By Freddie Oakley
In his op-ed piece last Sunday, John Munn asserts that, “… the Yes on I campaign was greatly assisted by the Yolo County Elections Office.” I understand his angst. He was a dedicated opponent of Measure I, and his side narrowly lost. But his claim that the proponents of Measure I were “greatly assisted” by my office calls into question the integrity of my office and its administration of state election law.
That shocking claim, based on Munn’s speculative opinion of the impact of mail delivery of ballots and the official voter information pamphlet, is unsupported by the facts. My office administers elections in strict compliance with state law. We hold elections when and how the law requires, and we make every effort to do so efficiently.
We are a public agency, spending public money. In the case of a special election such as the referendum on Measure I, every penny comes from the very Davis taxpayers Munn seeks to protect.
Specifically, Munn bases his claim that we “assisted” his opponents on his observation that some voters received their official ballots before they received what he calls their voter guides, which were, in fact (and as required by law) “sample ballots.” He then infers that this disjunction in delivery by the post office affected the outcome of the election.
Finally, he asserts that he had complained before about sample ballots arriving after actual ballots, and thus implies that my office is responsible for any gaps between postal delivery to voters of their actual and sample ballots with respect to Measure I, and thus that any resulting skew in the referendum is the fault of my office.
Here are the legal parameters: Sample ballots must be mailed in a window that begins 40 days before the election, and closes 21 days before the election; actual ballots must be mailed in a window that begins 29 days before the election, and closes seven days before the election.
Here are the practical parameters. Actual ballots require maximum security to assure election integrity. They are individually addressed and coded by my office, and are delivered by us to the post office for first-class delivery on the earliest legal date. Sample ballots — in this and, so far as I know, every other election in the history of the state of California — are printed and drop-mailed by the printer under a bulk-mail permit.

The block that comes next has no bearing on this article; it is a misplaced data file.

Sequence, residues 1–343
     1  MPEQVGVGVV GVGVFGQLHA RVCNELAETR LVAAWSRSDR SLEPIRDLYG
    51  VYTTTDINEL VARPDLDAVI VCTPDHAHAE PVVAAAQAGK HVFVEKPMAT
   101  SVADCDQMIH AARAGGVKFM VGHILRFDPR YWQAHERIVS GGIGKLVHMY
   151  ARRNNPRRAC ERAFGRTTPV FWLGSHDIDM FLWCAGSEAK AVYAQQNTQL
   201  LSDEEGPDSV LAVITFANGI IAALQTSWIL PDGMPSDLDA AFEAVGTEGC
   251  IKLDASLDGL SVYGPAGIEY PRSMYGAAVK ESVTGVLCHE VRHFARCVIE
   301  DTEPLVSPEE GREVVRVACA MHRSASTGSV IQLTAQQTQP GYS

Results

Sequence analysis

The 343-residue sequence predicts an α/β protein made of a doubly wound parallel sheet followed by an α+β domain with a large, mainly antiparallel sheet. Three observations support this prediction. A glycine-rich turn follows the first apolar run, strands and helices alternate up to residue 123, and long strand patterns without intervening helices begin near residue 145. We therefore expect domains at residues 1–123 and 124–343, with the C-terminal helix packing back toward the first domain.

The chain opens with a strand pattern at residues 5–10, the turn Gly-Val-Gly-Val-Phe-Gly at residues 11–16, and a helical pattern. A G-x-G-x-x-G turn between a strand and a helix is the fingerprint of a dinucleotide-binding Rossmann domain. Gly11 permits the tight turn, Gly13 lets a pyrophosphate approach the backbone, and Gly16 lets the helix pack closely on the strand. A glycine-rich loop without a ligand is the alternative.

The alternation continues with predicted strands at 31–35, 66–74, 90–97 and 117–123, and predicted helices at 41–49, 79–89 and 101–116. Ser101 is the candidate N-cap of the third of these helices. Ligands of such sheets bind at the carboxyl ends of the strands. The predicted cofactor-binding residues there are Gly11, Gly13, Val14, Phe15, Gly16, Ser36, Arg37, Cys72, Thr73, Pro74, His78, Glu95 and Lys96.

While we do everything we can to make sure that the printer mails the sample ballots (or, in larger elections, the “Voter Information Guide”), we are often in competition with the other 57 counties in California, some much larger than Yolo County, and we don’t always get the special “first-out-the-door” treatment that we seek and, as California’s Lake Woebegon, no doubt deserve.
It is correct, as Munn suggests, that we could essentially guarantee simultaneous delivery of actual ballots and sample ballots by having the sample ballots shipped to us by the printer, and then addressing and mailing each of them for first-class postal delivery. But to do so would compound the expense of an election enormously.
As Munn admits, the effect of differential postal delivery schedules would have been mitigated if the Measure I election had been a traditional vote-at-the-polls election. But the decision to ask for an all-postal election was made by the city of Davis precisely to reduce the taxpayer expense that Munn would now have me vastly inflate.
The only justification for substantially compounding the cost of conducting elections in the manner that Munn wants could only be hard evidence that the current bulk-mail system for delivery of sample ballots and voter information guides has a truly substantial impact on electoral outcomes.
It may be that sound public policy requires that the substantial added cost of first-class postal delivery of information material distributed at public expense is a necessary expense that must be borne in order for elections to be meaningful measures of voters’ wishes. But this very difficult judgment of public policy must be based on more than speculative, campaign-oriented readings of the last election’s tea leaves.
In my office, we do wish to know the impact of differential mail delivery, and have wished to know for some time. In an effort better to understand this and other variables that may influence elections, specifically all-mailed-ballot elections, several years ago we began discussions with the Statewide Database of the Institute for Governmental Studies at Berkeley Law, the law school at UC Berkeley. We have recently signed a contract with them. A team of sociologists, political scientists and election law experts are now undertaking our first joint study, which is of Measure I.
When we have completed this work, we hope it will enable us to improve many facets of election administration. We are grateful for citizen suggestions. We actively solicit them. Often, voters see more clearly than we do how we can improve. We frequently adopt their suggested solutions.
We will continue to do our best with respect to the problem that Munn finds vexatious, but strongly object to his unwarranted suggestion that our office “helps” one campaign or another.
For now, I conclude with a statement I saw recently on a friend’s T-shirt, “Stand back, I’m going to try science!” Let’s see what we learn about how real elections actually work before we make charges of bias and unfairness.
— Freddie Oakley, a Davis resident, is Yolo County’s elected clerk/recorder, whose office is in charge of running local elections.